3. Evan & RH. – Your comments, are timely and very thought provoking. Here in western Montana we have had a very tragic death on a number of levels. I do trust these truths will help people see through all the fog to the core goodness of all involved.

  4. Thank you all for the very good and wonderful workable ideas about forgiveness.

    I think we have to forgive ourself first in order to get to the highest level to forgive our fellow persons.

  5. Thank you Evan and all. I often think about that demand of Jesus to forgive seventy times seven, that as we continue to truly correct the incorrect thinking we have about another, we will see the child of God. Sometimes it may take a while. But the child of God is always there.

  6. So many things, in our own lives, in the community and world provide us with an opportunity to apply what we learn in Christian Science to grow in forgiveness.

    Maybe the ultimate form of forgiveness is when we can get to the point where we see that there was nothing to forgive, that nothing ever happened to move us out of God’s perfection (yesterday’s SV on the reality of perfection). A practitioner gave me this quote, she said it was from an article by L. Ivimy Gwalter, “Man abides in conscious perfection. He has no need of healing.” Maybe it is the same idea for forgiveness. Seems like a far off ideal, but in divine Mind it is always true.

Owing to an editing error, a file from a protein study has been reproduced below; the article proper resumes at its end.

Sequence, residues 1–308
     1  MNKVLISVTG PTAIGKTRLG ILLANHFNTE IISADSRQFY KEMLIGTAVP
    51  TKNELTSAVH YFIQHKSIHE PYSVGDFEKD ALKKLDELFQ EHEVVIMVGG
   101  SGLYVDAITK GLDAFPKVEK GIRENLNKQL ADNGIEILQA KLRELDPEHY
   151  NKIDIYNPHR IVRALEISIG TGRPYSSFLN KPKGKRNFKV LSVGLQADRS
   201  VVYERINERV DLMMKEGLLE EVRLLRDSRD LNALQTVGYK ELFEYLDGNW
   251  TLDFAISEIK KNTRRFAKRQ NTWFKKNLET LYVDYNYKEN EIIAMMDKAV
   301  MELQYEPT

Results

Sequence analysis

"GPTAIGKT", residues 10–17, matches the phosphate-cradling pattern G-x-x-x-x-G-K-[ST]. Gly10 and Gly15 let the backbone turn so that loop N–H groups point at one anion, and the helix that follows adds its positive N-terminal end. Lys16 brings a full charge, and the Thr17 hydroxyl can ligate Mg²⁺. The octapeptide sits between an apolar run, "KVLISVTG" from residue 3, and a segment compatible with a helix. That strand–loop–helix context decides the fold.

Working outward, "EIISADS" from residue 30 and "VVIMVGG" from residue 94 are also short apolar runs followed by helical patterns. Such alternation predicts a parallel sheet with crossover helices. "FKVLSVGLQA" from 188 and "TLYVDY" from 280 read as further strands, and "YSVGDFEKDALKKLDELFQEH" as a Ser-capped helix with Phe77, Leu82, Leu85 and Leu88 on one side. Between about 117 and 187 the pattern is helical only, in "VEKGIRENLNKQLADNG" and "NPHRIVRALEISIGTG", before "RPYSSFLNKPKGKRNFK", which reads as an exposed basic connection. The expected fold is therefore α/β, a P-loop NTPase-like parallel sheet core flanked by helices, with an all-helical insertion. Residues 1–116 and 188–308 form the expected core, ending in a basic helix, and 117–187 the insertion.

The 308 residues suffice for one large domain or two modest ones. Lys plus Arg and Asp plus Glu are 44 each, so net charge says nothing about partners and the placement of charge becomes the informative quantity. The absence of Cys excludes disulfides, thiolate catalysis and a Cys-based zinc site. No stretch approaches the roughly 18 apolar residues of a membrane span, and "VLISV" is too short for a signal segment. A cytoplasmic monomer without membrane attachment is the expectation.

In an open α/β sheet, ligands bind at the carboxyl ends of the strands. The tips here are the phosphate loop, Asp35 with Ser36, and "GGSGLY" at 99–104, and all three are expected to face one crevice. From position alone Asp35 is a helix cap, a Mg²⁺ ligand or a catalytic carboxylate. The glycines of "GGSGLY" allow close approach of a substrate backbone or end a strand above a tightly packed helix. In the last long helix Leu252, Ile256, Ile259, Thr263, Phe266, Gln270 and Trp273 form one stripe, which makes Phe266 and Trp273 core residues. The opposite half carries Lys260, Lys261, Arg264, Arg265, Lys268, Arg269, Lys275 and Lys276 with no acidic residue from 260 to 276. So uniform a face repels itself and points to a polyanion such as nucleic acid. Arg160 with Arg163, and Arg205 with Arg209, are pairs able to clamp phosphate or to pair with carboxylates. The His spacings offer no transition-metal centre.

1. Thanks RH! The practitioner didn’t mention the name of the article. Looking forward to reading this.

  7. Thank you, Evan, For Giving us this topic to ponder.
    Understanding is key to everything, I believe. When we do not
    understand a situation, (mortally), we can be misunderstood or
    misinterpreted and sometimes unable to communicate our true
    feelings, thus feeling frustrated and can build up mental walls
    (little mind), so we do not have heartbreaks, which mortally speaking,